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Making the Passionate Choice

When I lived in Nashville, I was primarily a vocal coach for a long time. Eventually I split my time between Hypnotherapy and Coaching and decided to switch completely to therapy, because I enjoyed it more.

As a teacher, though, I noticed that there were high schools all over the city, each housed in different areas or sections of town. Some high schools were primarily white because the areas were primarily white. Some high schools were primarily black for the same reason. However, what I noticed that “separate did not mean equal.” For this reason, busing began to happen so that segregation wouldn’t overtake the city schools. However, even the less the equal black schools didn’t like the idea of having to travel across town to a primarily white school. Of course, the white students were sad to leave the safety of the upscale neighborhood.  So, a conundrum arose in the school systems for many years.

What was a problem for some was actually a bigger reason to go to private schools for the wealthy. So, Nashville became a town of many private education facilities—very expensive facilities. I had students from both sides of the tracks. The talent from the poorer families was raw and the talent from richer family had been nurtured most times.

As my student grew to adults, what I noticed was that the hard workers, the ones who had to sacrifice a lot to pay for my services got great scholarships to wonderful colleges on their talent alone. The students who were from wealthier families were not encouraged to pursue the arts in college. Instead, they would mostly go on to another exclusive school and begin the process of discovery. Of course, this wasn’t the case in every situation, but a common scenario.

Many of the students still keep up with me on Facebook or Instagram. I love to see what they are doing with their music. The ones I imagined would become stars almost always end up doing something more mundane and are happy with simple lives. The ones who were told they were not very good in high school but my estimation were excellent, ended pursuing their dreams. But the ones who seemed to be the most successful were the students who had mediocre talent but had fire-driven desire to make it no matter what.

What does this tell us about life? When you see Simon Cowell asking a contestant on America’s Got Talent why he or she wants to win the big prize, Simon understands that desire and passion are the main keys to making it as a star. It’s almost as if one has to sell his or her soul to the industry for talent to be noticed and encouraged.

Of course, there are those rare occasions when someone unexpected and unassuming steps on the stage and wows us from the depth of talent that must come directly from angels, as was the case this evening with a 9 year girl who sang better than a 30 year old.

I’m not here to tell you to pursue or not to pursue your talent, but as an artist who had the brains to become a doctor, I think if I had to do it over, I would have taken the easier path—becoming the doctor. Later in life, I probably would have pursued my art after I had enough money to do so with ease and less sacrifice.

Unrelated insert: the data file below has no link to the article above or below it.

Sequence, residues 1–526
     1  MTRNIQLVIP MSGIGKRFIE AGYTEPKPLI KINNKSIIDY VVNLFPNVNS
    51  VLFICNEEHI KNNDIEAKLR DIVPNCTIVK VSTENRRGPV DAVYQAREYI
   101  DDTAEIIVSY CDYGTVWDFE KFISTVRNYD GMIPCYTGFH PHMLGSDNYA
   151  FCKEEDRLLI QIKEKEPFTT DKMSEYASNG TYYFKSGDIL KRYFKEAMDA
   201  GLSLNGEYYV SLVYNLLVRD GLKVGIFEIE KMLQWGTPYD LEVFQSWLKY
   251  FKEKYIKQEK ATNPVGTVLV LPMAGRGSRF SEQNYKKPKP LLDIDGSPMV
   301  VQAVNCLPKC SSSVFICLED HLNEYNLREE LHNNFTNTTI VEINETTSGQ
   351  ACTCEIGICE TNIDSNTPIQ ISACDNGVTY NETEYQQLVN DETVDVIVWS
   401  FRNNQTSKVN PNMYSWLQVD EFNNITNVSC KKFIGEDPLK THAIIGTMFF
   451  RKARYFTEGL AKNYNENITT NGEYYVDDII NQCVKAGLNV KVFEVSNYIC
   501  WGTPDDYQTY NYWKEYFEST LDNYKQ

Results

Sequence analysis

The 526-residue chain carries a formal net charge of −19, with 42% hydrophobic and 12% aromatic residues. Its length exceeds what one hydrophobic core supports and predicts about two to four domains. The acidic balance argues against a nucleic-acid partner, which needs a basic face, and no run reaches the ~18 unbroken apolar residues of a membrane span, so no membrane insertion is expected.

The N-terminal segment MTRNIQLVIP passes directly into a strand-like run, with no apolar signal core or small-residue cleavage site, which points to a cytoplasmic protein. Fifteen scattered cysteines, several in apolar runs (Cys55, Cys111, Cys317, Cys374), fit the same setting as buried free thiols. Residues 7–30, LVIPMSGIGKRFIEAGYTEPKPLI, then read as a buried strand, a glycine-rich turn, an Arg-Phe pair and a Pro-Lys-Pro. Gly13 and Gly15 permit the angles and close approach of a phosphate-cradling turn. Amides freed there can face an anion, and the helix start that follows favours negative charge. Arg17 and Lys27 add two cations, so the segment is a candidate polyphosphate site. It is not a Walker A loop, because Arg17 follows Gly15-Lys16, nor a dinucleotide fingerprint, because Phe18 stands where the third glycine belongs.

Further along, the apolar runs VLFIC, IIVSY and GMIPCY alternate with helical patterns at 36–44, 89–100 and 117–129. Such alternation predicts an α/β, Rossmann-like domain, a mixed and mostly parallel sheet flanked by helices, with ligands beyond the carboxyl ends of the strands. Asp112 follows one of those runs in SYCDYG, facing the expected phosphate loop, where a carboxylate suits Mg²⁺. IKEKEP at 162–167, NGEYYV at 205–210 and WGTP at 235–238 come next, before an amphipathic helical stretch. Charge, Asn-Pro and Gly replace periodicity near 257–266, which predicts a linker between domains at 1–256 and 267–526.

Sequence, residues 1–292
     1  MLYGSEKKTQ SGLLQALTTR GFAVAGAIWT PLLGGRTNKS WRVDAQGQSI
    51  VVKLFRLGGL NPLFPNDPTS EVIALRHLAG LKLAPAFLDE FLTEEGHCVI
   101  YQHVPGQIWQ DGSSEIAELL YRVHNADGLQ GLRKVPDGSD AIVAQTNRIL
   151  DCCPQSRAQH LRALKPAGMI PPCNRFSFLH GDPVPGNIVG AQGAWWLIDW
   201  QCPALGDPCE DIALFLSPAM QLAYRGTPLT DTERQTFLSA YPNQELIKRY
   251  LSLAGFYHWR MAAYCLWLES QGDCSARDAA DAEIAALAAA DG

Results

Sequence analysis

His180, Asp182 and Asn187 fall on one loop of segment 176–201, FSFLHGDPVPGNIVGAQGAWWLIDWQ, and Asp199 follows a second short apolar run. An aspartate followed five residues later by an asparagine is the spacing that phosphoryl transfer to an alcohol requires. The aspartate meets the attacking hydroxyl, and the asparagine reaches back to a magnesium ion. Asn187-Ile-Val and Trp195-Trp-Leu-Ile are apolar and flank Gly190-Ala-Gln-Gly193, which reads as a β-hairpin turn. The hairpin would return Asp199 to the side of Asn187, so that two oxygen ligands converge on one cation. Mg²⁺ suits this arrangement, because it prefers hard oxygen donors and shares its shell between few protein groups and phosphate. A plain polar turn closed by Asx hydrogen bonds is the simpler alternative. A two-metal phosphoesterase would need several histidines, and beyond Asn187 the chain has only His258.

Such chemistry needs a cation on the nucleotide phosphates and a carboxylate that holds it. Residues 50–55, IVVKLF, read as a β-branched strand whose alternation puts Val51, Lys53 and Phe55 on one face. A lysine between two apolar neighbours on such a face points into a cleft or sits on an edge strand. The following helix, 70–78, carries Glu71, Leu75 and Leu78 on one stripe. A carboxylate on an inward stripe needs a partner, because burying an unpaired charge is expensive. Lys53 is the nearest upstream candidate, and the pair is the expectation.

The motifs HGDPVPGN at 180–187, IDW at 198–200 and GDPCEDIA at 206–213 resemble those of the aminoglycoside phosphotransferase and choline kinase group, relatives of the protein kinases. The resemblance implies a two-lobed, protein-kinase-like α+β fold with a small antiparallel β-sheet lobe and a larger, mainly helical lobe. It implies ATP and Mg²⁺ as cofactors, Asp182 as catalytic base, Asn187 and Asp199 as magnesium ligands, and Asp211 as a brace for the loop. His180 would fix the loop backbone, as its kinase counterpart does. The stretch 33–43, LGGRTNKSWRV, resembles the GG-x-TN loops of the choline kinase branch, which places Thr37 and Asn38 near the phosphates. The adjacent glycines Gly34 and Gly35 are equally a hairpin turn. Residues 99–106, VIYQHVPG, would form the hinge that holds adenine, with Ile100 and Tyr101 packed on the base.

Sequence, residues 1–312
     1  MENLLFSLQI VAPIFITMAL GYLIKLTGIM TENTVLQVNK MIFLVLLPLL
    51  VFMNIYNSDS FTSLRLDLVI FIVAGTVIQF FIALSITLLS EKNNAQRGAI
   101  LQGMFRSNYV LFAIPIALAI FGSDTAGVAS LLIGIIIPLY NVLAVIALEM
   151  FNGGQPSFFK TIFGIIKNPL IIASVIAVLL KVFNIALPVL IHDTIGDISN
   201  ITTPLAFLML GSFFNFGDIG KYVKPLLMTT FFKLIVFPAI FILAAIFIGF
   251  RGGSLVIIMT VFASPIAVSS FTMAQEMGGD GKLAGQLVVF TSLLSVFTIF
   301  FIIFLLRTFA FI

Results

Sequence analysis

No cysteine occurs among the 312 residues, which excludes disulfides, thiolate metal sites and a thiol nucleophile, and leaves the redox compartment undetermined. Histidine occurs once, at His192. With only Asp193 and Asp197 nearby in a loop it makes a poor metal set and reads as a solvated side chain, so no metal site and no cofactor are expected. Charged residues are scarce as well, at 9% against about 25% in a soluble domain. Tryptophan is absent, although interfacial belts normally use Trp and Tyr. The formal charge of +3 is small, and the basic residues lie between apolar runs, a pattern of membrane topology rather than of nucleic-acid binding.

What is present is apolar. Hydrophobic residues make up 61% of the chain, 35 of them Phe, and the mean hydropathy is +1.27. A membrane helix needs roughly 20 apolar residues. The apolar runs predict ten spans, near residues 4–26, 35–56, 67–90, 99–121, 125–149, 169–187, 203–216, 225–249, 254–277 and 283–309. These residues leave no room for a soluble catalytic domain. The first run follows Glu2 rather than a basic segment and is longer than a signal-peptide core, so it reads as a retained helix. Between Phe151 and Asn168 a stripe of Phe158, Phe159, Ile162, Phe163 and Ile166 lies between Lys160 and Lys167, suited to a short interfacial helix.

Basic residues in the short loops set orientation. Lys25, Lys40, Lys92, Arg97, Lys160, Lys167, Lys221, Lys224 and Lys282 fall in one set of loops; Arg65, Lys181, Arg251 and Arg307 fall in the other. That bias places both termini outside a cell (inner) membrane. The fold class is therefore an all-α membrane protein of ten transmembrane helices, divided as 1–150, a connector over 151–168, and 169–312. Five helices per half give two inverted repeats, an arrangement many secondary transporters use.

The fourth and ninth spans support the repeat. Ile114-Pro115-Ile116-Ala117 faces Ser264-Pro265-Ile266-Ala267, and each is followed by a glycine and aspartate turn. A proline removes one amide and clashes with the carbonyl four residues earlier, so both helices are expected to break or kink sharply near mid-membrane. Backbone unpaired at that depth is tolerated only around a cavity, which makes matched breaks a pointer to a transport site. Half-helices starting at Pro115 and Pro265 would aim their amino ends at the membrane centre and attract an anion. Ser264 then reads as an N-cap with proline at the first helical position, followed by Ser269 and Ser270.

Though it seemed daunting at the time, 10 years of college sounded like a life time away, when it really was just a blink of an eye. But becoming an artist is rife with competition that never ends and the ones who gain the roles are not necessarily the best. Where as, if you study to become a surgeon, and you are good at what you do, you will ultimately succeed, especially financially, which is where only one artist out of a thousand probably makes it to stardom and one out of a hundred can actually make a living using their God-given talent.

For this reason and this reason alone I would choose security over my art. Maybe that makes me less of an artist and maybe that’s why I never really made it in the business. Ultimately, I tried and got fairly far in different artistic arenas, but I never felt the drive to give up life, love, and financial security for my talent and many of my friends did. I always needed a back up plan, which ultimately became my life.

My friends who have made it in the business advised me against having a backup. They told me that a backup plan would give me less of a surge forward and more of a reason not to struggle to go further in my career. Ultimately, they were correct.

Do I regret making the decision to become an entrepreneur and artist? Absolutely not. What would be the sense. I have had a great and successful life. Maybe I’m not as financially stable as some of my friends who took the traditional routes in life, but I have had fun the entire time, seeking anything my artistic mind could conceive.

Even now as I spend my days auditioning for films, commercials, and television, tutoring and life coaching on the side, I am creating a vegan business with my husband and sister and still finding time to swim every day and begin a painting hobby that actually really has grabbed my attention.

My husband and I agree that we would have made different choices for financial reasons had we had to do life over again. But, we also see that we may never have met had either of us gone in a different direction.

So, with that measure: Here’s to Making the Passionate Choice!

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How Do You Handle a Loss of Power

How Do You Handle the Loss of Power?